Senate Democrats and left leaning advocacy groups are criticizing the Supreme Court for its decision to further weaken campaign expenditure rules. The McCutcheon v. FEC decision allows a single donor to give $3.6 million to a political party and federal candidates over a two-year election cycle.
Senate Judiciary Committee Chairman Patrick Leahy (D-Vt.) and Senate Rules Committee Chairman Chuck Schumer (D-N.Y.) plan to hold hearings about the ruling. Advocacy groups are soliciting donations to initiate a change.
“Supreme Court right-wingers poison majority-rule democracy,” trumpeted Leo Gerard of Campaign for America’s Future, in a blog post. Gerard and other critics of the ruling fear that the voices of wealthy donors will drown out those of ordinary people, resulting in a slanted political arena where the 1 percent will overwhelm the 99 percent.
Gerard hopes the majority will speak out before all political contribution limits are abandoned. He predicts that conservative, wealthy donors will attack Social Security and Medicare, programs that are important to what he describes as average people who have less than $10,000 saved for retirement.
In both the Citizens United decision and the recent McCutcheon ruling, the justices equated political donations with free speech.
Chief Justice John Roberts wrote that the only kind of corruption the courts should be concerned about is quid pro quo, in which money leads to a direct action—buying a favor or paying for an outcome. According to Roberts, buying access is irrelevant. He wrote in the Citizens United decision, “When [Buckley v. Valeo] identified a sufficiently important governmental interest in preventing corruption or the appearance of corruption, that interest was limited to quid pro quo corruption.”
The Cato Institute supports Justice Roberts’s position and considers money to be inseparable from speech. According to a statement from the self-described nonpartisan organization: “The First Amendment broadly protects political speech and the use of resources (printing presses, the Internet, money) to facilitate that speech. Yet when someone wants to engage in the most obvious kind of political speech—supporting election campaigns—the government is allowed to restrict this important constitutional right.”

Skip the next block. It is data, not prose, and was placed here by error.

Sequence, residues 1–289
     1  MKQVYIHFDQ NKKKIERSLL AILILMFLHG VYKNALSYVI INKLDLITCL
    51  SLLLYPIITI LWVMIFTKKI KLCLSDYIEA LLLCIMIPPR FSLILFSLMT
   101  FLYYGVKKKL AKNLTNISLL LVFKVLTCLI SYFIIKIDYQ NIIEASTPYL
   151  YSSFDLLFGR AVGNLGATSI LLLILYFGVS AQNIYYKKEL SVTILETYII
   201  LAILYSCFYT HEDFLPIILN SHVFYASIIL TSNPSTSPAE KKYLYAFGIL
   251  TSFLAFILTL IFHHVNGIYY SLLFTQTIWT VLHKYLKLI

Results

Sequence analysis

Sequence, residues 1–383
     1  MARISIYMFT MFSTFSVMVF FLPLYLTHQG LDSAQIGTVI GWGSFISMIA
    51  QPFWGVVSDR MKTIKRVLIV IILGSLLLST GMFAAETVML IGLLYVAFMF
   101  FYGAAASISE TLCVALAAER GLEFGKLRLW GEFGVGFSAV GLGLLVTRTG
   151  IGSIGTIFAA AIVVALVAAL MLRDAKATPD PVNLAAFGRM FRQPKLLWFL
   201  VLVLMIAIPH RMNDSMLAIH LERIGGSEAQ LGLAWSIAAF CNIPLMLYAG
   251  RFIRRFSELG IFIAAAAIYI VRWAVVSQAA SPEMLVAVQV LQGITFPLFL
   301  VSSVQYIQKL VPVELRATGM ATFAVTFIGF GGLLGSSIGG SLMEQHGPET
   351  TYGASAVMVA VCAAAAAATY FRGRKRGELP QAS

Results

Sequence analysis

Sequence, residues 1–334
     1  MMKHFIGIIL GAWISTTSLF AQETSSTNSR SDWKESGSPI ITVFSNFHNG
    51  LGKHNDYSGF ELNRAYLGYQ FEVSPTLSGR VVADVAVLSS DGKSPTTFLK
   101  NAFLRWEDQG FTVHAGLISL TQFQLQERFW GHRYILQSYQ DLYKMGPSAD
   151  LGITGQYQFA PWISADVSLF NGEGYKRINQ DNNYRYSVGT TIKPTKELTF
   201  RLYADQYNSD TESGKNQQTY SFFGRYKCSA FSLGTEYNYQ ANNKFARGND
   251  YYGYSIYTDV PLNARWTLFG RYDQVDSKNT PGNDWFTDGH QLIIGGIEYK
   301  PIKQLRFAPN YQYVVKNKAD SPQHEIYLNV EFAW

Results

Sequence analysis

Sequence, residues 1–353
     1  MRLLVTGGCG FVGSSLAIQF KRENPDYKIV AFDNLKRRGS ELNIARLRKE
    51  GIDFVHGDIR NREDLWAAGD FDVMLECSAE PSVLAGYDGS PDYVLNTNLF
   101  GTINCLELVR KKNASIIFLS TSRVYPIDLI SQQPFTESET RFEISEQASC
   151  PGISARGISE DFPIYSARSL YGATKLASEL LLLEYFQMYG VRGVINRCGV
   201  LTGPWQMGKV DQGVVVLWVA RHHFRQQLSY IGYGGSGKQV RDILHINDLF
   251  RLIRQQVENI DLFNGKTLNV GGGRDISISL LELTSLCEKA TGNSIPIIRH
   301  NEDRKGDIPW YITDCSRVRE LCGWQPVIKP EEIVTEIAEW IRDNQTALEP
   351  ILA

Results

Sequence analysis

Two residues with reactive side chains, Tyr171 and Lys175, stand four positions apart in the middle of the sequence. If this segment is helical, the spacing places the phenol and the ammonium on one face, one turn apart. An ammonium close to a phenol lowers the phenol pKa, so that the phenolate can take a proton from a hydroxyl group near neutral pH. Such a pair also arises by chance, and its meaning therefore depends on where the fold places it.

Randy Barnett, a professor at the Georgetown University Law Center told The Hill that Democratic criticism of the high court was a strategy for “working the refs,” as well as way to rally the party base before the midterm elections in November.
Sen. Tom Udall (D-N.M.) wants a constitutional amendment to disentangle money and politics.
He wrote, “Americans already believe the election system has been fundamentally corrupted by big money from corporate special interests. And today, the Court has confirmed their fears in its seriously misguided decision, which makes it legal for a few wealthy individuals to flood campaigns with cash, drowning out the voices of regular voters.”
Corruption Definition Is Key
Gregory Magarian, professor of law at Washington University in St. Louis, thinks the Supreme Court is on a path to end any campaign finance regulation. He said the key is not First Amendment rights, but defining corruption as quid pro quo. This conveniently sets up conditions for the next campaign finance case, according to Magarian.
“People are going to call this case a sequel to Citizens United. That’s just the kind of relatively benign account Chief Justice Roberts wants. Don’t be fooled. Citizens United is a pod; McCutcheon is the mothership. Citizens United killed one particular (certainly important) regulation of money in politics. McCutcheon effectively kills all regulation of money in politics,” Magarian said in a statement.